I was reading up on Bonds here on About.com Why Do Bond Prices and Yields Move in Opposite Directions?
In the second example it offers:
In this example, the opposite scenario occurs. The same company issues Bond A with a coupon of 4%, but this time yields fall. One year later, the company can issue new debt at 3.5%. What happens to the first issue? In this case, the price of Bond A needs to adjust upward as its yield falls in line with the newer issue. Again, Bond A came to the market at $1000 with a coupon of 4%, and its initial yield to maturity is 4%. The following year, the yield on Bond A has moved to 3.5% to match the move in prevailing rates (as reflected in the 3.5% yield on Bond B). Since the coupon stays the same, the price must rise to $1142.75. Due to this increase in price, the yield declines (because the $40 coupon divided by $1142.75 equals 3.5%).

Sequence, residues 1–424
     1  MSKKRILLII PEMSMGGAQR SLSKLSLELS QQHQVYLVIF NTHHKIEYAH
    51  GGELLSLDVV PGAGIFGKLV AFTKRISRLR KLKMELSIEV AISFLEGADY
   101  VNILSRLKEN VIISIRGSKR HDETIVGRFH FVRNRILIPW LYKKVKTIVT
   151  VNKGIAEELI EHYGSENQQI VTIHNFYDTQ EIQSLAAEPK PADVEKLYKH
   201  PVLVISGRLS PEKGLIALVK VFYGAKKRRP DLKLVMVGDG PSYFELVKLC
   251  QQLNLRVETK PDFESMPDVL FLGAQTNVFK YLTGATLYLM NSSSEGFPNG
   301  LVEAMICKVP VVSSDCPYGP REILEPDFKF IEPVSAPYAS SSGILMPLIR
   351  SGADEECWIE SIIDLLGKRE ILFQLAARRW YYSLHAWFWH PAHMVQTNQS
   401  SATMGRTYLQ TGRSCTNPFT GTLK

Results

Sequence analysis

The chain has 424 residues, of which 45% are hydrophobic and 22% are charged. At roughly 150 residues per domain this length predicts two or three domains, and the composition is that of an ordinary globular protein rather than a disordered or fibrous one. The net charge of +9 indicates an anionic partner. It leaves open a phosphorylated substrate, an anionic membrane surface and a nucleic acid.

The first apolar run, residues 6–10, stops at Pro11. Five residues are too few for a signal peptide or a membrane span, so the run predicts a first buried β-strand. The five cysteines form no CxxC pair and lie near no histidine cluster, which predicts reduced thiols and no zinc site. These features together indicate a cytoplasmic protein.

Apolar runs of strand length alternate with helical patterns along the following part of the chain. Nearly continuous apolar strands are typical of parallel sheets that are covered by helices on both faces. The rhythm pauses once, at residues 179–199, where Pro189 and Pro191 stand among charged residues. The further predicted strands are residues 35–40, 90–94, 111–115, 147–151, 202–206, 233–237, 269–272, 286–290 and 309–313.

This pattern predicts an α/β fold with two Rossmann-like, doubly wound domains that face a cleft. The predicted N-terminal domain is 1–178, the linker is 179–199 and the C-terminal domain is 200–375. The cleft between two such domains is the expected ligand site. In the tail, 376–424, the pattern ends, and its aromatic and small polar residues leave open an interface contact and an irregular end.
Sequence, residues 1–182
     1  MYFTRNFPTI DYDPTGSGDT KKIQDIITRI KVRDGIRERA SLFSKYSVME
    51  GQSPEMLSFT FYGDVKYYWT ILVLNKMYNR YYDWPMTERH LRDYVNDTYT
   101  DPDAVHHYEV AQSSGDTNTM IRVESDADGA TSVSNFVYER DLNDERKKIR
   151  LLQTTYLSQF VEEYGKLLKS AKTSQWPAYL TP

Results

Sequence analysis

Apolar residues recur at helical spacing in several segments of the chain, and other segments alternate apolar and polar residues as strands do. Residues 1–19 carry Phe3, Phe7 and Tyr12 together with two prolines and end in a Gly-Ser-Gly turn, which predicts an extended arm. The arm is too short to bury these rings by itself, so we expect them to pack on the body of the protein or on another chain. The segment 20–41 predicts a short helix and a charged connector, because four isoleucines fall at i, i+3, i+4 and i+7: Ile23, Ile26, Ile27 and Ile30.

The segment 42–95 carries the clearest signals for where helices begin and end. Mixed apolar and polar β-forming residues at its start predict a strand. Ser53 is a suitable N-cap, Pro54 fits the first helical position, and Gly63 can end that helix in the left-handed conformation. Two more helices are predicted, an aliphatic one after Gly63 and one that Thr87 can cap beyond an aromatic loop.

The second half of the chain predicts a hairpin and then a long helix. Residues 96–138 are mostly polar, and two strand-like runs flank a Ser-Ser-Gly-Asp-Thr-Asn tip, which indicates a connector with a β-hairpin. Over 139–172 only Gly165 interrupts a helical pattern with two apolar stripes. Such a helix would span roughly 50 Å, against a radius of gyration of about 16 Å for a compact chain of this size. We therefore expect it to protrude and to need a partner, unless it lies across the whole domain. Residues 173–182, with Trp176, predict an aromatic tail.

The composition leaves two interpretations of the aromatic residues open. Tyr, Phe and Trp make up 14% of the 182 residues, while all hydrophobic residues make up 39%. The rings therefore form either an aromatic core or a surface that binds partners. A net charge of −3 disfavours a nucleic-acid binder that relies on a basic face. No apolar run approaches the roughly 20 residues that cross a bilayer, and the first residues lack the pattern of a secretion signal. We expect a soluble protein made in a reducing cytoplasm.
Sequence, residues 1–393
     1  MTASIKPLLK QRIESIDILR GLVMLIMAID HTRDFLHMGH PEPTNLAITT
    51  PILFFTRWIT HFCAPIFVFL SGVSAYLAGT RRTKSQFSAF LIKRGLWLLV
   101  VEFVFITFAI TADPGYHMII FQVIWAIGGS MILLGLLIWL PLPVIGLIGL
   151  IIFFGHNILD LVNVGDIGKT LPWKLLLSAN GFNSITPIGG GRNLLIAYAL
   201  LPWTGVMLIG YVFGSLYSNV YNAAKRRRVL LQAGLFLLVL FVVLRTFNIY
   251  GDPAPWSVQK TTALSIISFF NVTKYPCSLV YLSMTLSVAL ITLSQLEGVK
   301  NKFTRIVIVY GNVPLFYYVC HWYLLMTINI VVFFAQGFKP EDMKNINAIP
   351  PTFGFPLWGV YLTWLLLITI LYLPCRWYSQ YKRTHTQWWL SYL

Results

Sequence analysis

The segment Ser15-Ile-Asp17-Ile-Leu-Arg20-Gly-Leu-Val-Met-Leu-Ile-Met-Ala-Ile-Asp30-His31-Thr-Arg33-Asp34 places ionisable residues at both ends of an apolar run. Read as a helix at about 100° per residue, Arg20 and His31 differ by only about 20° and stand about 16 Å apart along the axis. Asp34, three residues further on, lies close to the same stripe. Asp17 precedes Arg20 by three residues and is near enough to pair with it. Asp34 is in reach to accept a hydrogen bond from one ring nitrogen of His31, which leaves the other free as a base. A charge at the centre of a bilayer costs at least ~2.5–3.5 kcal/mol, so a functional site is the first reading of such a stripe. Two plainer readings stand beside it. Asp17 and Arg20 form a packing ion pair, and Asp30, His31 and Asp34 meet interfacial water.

After reading the part I bolded, I tried to compute it on my own:
40 / n = 3.5
40 / .035 = n
n = 1142.8571426
However, they come up with 1142.75. From what I gather its ultimately a fluctuation based on market anyways. But I'd still like to know. If I reverse and do
40 / 1142.85 I get
40 / 1142.75 yields
0.03500328155. So how does one accurately round or compute this? Am I just missing something in my math?